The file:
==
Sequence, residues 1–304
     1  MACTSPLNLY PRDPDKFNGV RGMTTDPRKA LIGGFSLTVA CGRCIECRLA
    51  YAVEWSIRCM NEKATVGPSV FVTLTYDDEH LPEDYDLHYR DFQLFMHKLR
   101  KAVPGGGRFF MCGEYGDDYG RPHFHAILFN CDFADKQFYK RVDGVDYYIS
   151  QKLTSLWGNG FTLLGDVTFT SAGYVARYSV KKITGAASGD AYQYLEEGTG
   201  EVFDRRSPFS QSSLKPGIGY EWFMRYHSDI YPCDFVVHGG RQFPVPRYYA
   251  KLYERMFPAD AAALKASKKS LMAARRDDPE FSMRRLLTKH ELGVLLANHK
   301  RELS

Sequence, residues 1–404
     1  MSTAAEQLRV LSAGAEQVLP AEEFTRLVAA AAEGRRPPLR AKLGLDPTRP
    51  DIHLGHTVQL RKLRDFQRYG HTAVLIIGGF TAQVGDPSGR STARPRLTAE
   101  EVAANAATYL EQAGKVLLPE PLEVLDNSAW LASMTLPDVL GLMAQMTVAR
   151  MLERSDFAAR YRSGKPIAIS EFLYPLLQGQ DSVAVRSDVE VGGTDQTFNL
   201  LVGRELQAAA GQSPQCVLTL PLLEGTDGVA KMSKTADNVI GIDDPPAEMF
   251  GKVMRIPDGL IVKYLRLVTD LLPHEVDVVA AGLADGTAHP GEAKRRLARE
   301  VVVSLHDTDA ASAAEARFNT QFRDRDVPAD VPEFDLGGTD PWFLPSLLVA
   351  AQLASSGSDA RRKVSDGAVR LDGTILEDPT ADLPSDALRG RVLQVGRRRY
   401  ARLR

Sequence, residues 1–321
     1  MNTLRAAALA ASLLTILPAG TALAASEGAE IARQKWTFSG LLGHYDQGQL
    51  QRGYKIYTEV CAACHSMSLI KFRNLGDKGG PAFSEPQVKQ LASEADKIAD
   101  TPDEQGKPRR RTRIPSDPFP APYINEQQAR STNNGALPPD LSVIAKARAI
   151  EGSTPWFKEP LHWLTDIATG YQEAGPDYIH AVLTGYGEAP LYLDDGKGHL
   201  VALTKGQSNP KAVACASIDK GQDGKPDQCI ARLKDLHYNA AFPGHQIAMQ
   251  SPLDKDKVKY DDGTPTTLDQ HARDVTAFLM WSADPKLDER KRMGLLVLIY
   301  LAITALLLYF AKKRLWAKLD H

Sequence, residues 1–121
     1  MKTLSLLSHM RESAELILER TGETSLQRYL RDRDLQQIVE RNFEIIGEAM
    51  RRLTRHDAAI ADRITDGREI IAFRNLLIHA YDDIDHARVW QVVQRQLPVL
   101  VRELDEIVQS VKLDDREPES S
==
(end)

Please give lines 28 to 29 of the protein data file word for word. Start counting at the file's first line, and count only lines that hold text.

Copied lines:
     1  MKTLSLLSHM RESAELILER TGETSLQRYL RDRDLQQIVE RNFEIIGEAM
    51  RRLTRHDAAI ADRITDGREI IAFRNLLIHA YDDIDHARVW QVVQRQLPVL